The loss from the sale of one crypto will not be compensated by the gain from the sale of another crypto, the Ministry of Finance clarified in the Lok Sabha on Monday.
The ministry further explained that the cost of mining will not be treated as the cost of acquisition in the case of virtual digital assets (VDAs), a clarification that has triggered a chain of reactions from industry players. crypto and exchanges across the country who feared that these clarifications would “cripple” crypto trading.
While tax experts believe the explanation brings more clarity, crypto players have urged the government to reconsider.
Responding to a question posed by Karti Chaidambaram, MP for Sivaganga Constituency (Tamil Nadu), Minister of State for Finance Pankaj Chaudhary said in a written reply: “In accordance with the provisions of Section 115 BBH proposed to Income Tax Act 1961 (the Act), loss resulting from the transfer of one VDA will not be able to be offset against income resulting from the transfer of another VDA.
The Department of Finance uses the term virtual digital assets for cryptocurrencies.
The Finance Bill 2022 proposed that any income from the transfer of VDA be taxed at the rate of 30%. Further, in computing the income from such a transfer, no deduction is allowed for any expense (other than the cost of acquisition) or allowance. “According to the proposed provisions of Section 115 BBH, infrastructure costs incurred in the mining of VDA will not be treated as acquisition costs as they will be in the nature of capital expenditure which is not deductible in accordance with the provisions of the law. Take action,” the minister said on Monday. He also clarified that currently, cryptocurrencies are unregulated in India.
Crypto Players Stunned
Nischal Shetty, CEO of WazirX, has expressed concerns that treating the profits and losses of each market pair separately will discourage crypto participation and hinder industry growth. “It’s very unfortunate, and we urge the government to reconsider this,” he said.
Ashish Singhal, co-founder and CEO of CoinSwitch, also called them “detrimental” to India’s crypto industry and the millions of people who have invested in this emerging asset class. “We are concerned that the lack of provisions to offset losses could drive users away from KYC-compliant exchanges and platforms into the underground peer-to-peer gray market, which would defeat the purpose of tax,” he said.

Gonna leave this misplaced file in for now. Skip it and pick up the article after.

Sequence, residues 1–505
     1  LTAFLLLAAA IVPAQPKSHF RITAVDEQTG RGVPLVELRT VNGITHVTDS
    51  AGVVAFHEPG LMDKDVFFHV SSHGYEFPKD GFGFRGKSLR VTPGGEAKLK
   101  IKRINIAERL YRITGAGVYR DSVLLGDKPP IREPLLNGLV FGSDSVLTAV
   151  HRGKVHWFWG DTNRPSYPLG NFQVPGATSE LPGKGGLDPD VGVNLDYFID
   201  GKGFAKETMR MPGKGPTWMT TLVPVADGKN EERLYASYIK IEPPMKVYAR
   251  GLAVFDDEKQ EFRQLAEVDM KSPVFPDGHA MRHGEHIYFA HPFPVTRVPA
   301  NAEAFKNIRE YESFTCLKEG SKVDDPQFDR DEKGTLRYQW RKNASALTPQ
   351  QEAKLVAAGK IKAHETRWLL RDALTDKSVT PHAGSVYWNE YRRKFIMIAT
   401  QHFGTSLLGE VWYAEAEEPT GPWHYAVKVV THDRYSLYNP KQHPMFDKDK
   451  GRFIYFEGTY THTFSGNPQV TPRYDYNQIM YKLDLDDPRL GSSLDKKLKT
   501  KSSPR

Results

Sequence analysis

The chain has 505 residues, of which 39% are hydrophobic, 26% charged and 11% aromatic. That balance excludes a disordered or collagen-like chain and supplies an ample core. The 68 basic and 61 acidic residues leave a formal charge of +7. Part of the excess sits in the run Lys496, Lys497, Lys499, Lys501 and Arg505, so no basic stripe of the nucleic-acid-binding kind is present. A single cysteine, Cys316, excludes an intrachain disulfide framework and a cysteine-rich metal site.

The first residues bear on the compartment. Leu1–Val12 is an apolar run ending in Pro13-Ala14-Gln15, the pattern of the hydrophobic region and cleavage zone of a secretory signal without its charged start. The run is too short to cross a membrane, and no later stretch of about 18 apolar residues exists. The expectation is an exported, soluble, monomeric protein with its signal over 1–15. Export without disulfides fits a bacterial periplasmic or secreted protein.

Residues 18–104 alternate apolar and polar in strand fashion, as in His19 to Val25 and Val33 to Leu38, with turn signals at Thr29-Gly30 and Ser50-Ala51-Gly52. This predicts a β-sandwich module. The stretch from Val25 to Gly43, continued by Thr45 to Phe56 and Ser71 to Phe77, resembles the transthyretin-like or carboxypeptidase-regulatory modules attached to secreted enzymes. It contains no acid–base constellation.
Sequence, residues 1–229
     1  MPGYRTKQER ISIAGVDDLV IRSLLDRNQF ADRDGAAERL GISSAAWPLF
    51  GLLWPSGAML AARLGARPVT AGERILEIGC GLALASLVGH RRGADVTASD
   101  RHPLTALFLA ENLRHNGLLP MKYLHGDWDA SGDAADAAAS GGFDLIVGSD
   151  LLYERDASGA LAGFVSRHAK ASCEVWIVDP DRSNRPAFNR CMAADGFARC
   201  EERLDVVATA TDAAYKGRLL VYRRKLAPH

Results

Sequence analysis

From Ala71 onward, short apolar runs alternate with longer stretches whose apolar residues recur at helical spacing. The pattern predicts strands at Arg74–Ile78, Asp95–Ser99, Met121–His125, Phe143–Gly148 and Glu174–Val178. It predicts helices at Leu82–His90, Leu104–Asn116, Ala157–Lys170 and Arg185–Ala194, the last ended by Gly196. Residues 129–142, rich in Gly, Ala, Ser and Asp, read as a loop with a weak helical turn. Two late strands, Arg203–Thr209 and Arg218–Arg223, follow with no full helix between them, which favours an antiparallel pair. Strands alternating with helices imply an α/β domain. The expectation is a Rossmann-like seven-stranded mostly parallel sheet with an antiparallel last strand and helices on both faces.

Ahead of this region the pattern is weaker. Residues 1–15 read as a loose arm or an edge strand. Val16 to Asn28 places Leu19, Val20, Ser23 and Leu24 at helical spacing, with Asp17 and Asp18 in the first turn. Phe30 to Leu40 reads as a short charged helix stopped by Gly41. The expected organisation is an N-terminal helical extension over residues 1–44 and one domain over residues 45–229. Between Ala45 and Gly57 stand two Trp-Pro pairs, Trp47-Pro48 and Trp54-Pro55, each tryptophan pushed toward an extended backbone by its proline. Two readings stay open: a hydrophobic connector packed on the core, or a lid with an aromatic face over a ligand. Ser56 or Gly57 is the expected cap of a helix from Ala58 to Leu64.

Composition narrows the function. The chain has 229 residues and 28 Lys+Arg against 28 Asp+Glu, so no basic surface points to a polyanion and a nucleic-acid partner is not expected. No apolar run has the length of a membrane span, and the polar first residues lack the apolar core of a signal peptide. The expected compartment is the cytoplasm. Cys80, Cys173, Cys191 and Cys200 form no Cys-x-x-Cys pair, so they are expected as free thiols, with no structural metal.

Additionally, he said the budget recognizes VDAs as an emerging asset class. Therefore, a natural course of action would have been to gradually bring regulation up to par with other asset classes. “Instead, today, with this clarification, we took a step back. If a regressive provision like this had been applicable to stocks, it would have discouraged retail investors from participating,” he said.
However, Sandeep Jhunjhunwala, a partner at Nangia Andersen LLP, believed that the government’s clarification cleared up some doubts that stakeholders in the crypto ecosystem were grappling with. Since intra-head adjustment of losses, i.e. offsetting losses resulting from one VDA with income from another is not permitted, such losses would be a sunk cost to investors. , resulting in a double whammy – paying taxes on winnings and no compensation for losses.
“It will be interesting to see if the government provides further clarification on other contentious issues regarding VDA taxation, particularly that regarding withholding tax provisions on crypto transactions,” he said.
According to Deloitte India partner Rohinton Sidhwa, this is an ongoing effort to isolate and discourage cryptocurrency-related activities in India. “Disallowing mining spending is unlikely to impact the majority of traders, however, preventing clearing between different cryptos is likely to negatively impact many traders,” he said.
March 21, 2022